Cake directions: Prepare 1 box of your favorite white or yellow cake mix as directed on the box, but swap out the water with an equal amount of buttermilk. Don’t have buttermilk? You can quickly make your own by adding 1 tablespoon white vinegar or lemon juice to a cup of milk and letting it curdle for 5 minutes or so. Also stir in 1 to 2 teaspoons of real vanilla extract before pouring into pans. The original Prantl’s cake is square and multi-layered, but I simplified it by baking in two 8-inch rounds, lined with 8-inch rounds of parchment paper to avoid sticking. Once cakes are removed from pan and cooled, top 1 with chilled pastry cream and place the other cake atop that.

Almond Pastry Cream

Adapted from The Spruce

Ingredients:

1 1/3 cups whole milk or heavy cream

3 egg yolks

½ cup sugar

1/8 cup all-purpose flour

2 tablespoons cornstarch (+ 2 additional teaspoons)

2 tablespoons unsalted butter, chilled and cut into 2 pieces

1 teaspoon almond extract

Dash of salt (optional)

Directions:

In a small saucepan, warm the milk or cream over low heat until it is just hot enough to steam. While the milk is warming, whisk together the yolks, sugar, flour and cornstarch until the mixture is completely smooth.

Once the milk is steaming, slowly add half of it, whisking constantly, to the egg mixture. Add the milk-and-egg mixture back into the remaining hot milk and continue stirring. Heat it, stirring constantly, until the custard reaches 170 degrees on a digital thermometer and is very thick. Remove from heat and stir in almond extract and a dash of salt. Place pastry cream in refrigerator to chill, covering surface of cream with plastic wrap to prevent it from forming one of those unappetizing “skins.”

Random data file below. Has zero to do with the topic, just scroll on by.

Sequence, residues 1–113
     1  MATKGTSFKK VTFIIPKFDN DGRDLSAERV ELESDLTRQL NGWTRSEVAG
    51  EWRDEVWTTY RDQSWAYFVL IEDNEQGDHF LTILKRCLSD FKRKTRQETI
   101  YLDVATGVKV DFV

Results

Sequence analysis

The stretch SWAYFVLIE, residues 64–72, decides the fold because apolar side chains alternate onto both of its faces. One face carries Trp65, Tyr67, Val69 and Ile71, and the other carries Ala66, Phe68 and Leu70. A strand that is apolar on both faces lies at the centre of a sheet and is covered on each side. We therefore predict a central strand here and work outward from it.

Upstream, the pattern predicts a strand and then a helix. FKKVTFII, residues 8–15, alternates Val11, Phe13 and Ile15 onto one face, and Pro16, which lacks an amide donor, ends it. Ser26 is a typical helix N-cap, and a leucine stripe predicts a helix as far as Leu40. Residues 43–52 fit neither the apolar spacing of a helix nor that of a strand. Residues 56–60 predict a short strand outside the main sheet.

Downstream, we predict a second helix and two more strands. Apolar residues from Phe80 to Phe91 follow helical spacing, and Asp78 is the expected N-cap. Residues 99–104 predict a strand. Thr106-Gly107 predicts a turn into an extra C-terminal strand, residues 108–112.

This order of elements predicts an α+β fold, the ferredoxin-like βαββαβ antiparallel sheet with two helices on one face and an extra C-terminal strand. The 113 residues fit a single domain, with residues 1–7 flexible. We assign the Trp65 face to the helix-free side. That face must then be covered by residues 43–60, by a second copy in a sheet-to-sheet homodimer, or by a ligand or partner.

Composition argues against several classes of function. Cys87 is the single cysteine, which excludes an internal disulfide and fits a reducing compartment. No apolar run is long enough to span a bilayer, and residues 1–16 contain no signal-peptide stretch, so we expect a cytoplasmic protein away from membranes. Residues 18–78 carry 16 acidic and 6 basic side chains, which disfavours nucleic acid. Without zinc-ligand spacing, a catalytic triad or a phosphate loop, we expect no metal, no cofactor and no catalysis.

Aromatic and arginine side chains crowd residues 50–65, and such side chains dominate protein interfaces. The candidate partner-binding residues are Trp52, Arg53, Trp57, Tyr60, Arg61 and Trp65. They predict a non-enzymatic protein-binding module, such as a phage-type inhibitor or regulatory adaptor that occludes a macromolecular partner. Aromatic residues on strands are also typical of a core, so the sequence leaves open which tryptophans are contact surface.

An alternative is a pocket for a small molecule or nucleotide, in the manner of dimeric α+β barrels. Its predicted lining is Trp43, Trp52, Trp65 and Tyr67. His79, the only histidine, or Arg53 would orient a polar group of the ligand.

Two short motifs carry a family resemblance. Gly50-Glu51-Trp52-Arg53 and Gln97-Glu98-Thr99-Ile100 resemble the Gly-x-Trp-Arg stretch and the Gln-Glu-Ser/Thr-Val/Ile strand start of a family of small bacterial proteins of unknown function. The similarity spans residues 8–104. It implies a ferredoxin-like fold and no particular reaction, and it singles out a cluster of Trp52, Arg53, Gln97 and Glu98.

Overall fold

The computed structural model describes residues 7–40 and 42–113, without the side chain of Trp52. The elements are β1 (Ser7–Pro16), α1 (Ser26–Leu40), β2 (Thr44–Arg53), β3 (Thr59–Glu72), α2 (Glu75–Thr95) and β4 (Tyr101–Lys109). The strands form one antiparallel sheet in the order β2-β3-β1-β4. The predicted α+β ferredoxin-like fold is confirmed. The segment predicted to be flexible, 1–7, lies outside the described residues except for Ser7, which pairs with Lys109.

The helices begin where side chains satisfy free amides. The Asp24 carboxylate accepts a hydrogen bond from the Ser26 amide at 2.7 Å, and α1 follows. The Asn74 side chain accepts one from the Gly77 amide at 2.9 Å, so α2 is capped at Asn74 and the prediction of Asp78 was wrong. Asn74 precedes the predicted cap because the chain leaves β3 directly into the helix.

Swiss Meringue Buttercream

Adapted from Natasha’s Kitchen

Ingredients:

7 large egg whites

2 cups granulated sugar

1 ½ cups unsalted butter, softened (see note)

1 teaspoon vanilla extract

1 teaspoon almond extract

1/4 teaspoon non-iodized fine sea salt

Note: Butter should be softened at room temperature about 1 hour (more or less depending on your room temperature). It should be slightly cool to the touch and not overly soft or warm.

Directions:

In a medium pot, add at least 1 inch of water and bring to simmer. Thoroughly wash and dry the stainless-steel mixing bowl from your stand mixer (you don't want grease touching meringue). Add 7 egg whites and 2 cups sugar and whisk together.

Place mixing bowl over pot of barely simmering water, creating a seal over the pot (bowl should be over the steam, not touching water). Whisk constantly until mixture reaches 160 degrees. Sugar should be fully dissolved (you should not feel any sugar granules when rubbing mixture between fingertips).

Wipe water from bottom of mixing bowl and transfer bowl to stand mixer fitted with whisk attachment. Beat on medium-high speed until stiff, glossy peaks form (about 15-20 minutes) and bottom of the bowl is completely room temperature. (This is important: warm meringue will melt the butter.)

Now switch to the paddle attachment, reduce to medium speed and add butter 1 tablespoon at a time, adding it just as fast as it is absorbed by meringue. Once all butter is in, scrape down the bowl and continue beating until it reaches a thick whipped consistency. If it looks lumpy at all, keep beating until smooth, thick and whipped.

Add extracts and salt; mix until incorporated. Frost cake and garnish with toasted almond slices.

Readers can reach columnist Tammy Swift at tswiftsletten@gmail.com.